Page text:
Bulgaria History, Tradition & People | George Martin Jr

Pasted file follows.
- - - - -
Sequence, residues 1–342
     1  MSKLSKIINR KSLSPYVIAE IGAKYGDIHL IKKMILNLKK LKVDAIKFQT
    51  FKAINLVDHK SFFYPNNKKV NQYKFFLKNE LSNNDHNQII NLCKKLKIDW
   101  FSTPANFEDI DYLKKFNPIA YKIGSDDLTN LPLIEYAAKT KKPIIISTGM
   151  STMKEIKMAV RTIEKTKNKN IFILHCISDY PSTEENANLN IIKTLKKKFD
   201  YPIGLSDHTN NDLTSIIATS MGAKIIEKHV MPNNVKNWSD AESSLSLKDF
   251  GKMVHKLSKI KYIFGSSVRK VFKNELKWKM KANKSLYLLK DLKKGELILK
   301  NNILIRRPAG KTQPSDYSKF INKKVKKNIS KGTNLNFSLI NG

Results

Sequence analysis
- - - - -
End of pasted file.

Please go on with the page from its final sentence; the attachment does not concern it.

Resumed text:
Table of Contents As you travel through the rich Bulgaria history, seeing spectacular views of natural beauty, it becomes easily apparent why centuries of invaders attempted to conquer this beautiful land.The proud Bulgarians have called this their home for thirteen centuries. The scenic landscape in Bulgaria takes on many forms; you have the choice of snow skiing down white-capped mountains or sun bathing beside the coast of the Black Sea.Don’t be taken in by the name, Black Sea, the beaches are sandy white and the water clear blue. The Black Sea has been theorized to be the site of Noah’s Ark and the Great Flood.Age-old tombs are riddled through Bulgarian history to be explored. The Varna Necropolis, a 3500-3200 BC burial site, which holds the oldest example of worked gold lies in Bulgaria.The saying goes in every country, don’t bring up sensitive subjects pertaining to religion, the weather or politics. Here’s a bit of a history lesson to understand where this nation draws its strength-Conquests of Greek, Roman, Byzantine and Ottoman Empires engraved their history into the countryside of Bulgaria. Displayed in the magnificent architecture, the conquerors left their mark on ancient monasteries, churches, and cathedrals. Bulgaria also invented the Cyrillic alphabet, second most widely used alphabet in the world.The history of Bulgaria can be traced back to about 3500 B.C. The country gets its name and politics from the Bulgars, a tribe who crossed the Danube River in 679 and took over. Bulgaria formed their language and culture from the Slavs who migrated from the north in the sixth century.Bulgaria was invaded by the Turks in 1396 and endured the Ottoman rule for nearly five hundred years. Russia liberated Bulgaria in 1878 but their independence from Turkey was short lived. They would go to war again with their enemy, fighting over the country of Macedonia, which would be lost.Russia declared war on Bulgaria in 1944 and the Communist Coalition gained control. The political party, Union of Democratic Forces formed in 1991, ending the Bulgaria history of Communist government regime of almost 50 years. 1996 saw King Simeon II elected, after fifty years in exile. Bulgaria became a member of NATO in 2004.Bulgaria Roman StadiumThe tumultuous Bulgaria history in politics changed hands once again in 2005 when a coalition government was formed. Regardless of the power shifts, Bulgaria has stayed strong. It has managed to survive and keep its original name since AD 681. Most of the Bulgarians alive today can claim the first wave of Bulgars who invaded as their ancestors.In 2007, the estimated population of Bulgaria was 7.3 million. Bulgarians remain the majority race and Bulgarian is the major language. Today, the country isn’t over run with warring Khans but vegetables, fruits, wheat, wine, sugar, and sunflowers.Their industries include electricity, gas, water, food, beverages, tobacco and machinery. The value of the Bulgarian Lev is linked to the Euro and the economy reportedly grew a healthy percentage in 2005. As inflation decreased into the single digits, Bulgaria joined the European Union in 2007.The many wonders discovered in Bulgaria history are not only in gold but the preservation of its own cultural heritage through continuous invasions from other countries. That is the real testimonial Bulgaria history offers, the lasting treasure of its hearty and hard working peopleDid you know that Bulgarian people nod their heads to mean no and shake them to mean yes? That’s the first thing to remember when you’re meeting them. That, and the fact that you should shake hands politely rather than kiss them on the cheeks. These aspects aside, it’s actually quite difficult to make too many generalisations about Bulgarian people and their customs.The term Bulgarians, you see, covers a wide range of ethnic groups within the country, all of whom have the right to reproduce their original identities.Of the approximately seven and a half million people – it was a million more a decade ago but many young, skilled workers have left for EU countries, Turkey and the USA – most are Slavonic speaking Christians but there are a significant number of Muslim Turks, Gypsies, Jews, Russians and a wide variety of other backgrounds within the country.The traditions of the people are, consequently, mainly Slavonic but there are also many Balkan connections derived from their Greek, Rumanian and Turkish neighbours which have influenced their culture, customs and cuisine.As in many countries of this area, there are significant differences between the more ‘modern’ lifestyles to be found in the cities, with most people living in apartments, and those in the countryside where people can still be seen working the land in more or less the same way as they did generations ago.Globalisation hasn’t really reached rural Bulgaria – which is one of its undoubted charms – although nowadays many houses in villages are second homes, for professionals from the cities as well as foreign purchasers.But the important thing is to have a little knowledge of Bulgarian etiquette before you meet the Bulgarian people themselves – this should help you to avoid those social gaffes which can cause considerable embarrassment and even scupper business deals.Well, that shaking and nodding thing will take you a little while to get used to, for a start.Bulgarian people are usually, especially the older generation, very formal with strangers, they will want to use – Mr or Mrs rather than first names – that’s Gospodin and Gospozha. They are, however, very proud of their hospitality so don’t be surprised to be invited to their homes. If that does happen, it’s customary to take a small gift with you – nothing too elaborate; perhaps flowers, wine or some such thing.Evening visits usually begin around 8 pm – and go on till quite late – and it’s common to take your shoes off inside the house; you might well be offered a pair of slippers to wear. You’ll almost certainly be given a glass or two of rakiya and perhaps a piece of pumpkin banitsa (layered pastry) or baklava (a very thin pastry with a nutty, syrupy filling).Should you be invited to a wedding whilst you’re there – unlikely I know but it’s a good story – you’ll see the newly weds have a ‘tug o’ war’ with a loaf of bread – the one who rips off the largest section of the loaf is the head of the House!The country of Bulgaria is sport crazy so you will be able to talk about football, basketball and skiing – or at least you will with the younger generations, who are beginning to learn English now, instead of the Russian which was necessary for their parents and grandparents.Don’t be too surprised, either, to meet some older people who feel that the country’s ‘going to the dogs’ with its new ideas and freedoms and tell you life was so much better in the old communist days when you knew where you were and everybody was together.Bulgarian people have come a long way in a comparatively few years but they remain a friendly, hospitable, family-centered nation. **Nothing on this website should be confused with financial or legal advice. If you need this, or any other type of advice, please seek the help of a competent professional. In addition, because real estate laws change all the time and differ from state to state, and even city to city in the same state, everything in these pages should be considered general marketing advice and ideas. Please see link to full Disclaimer at the bottom of this page.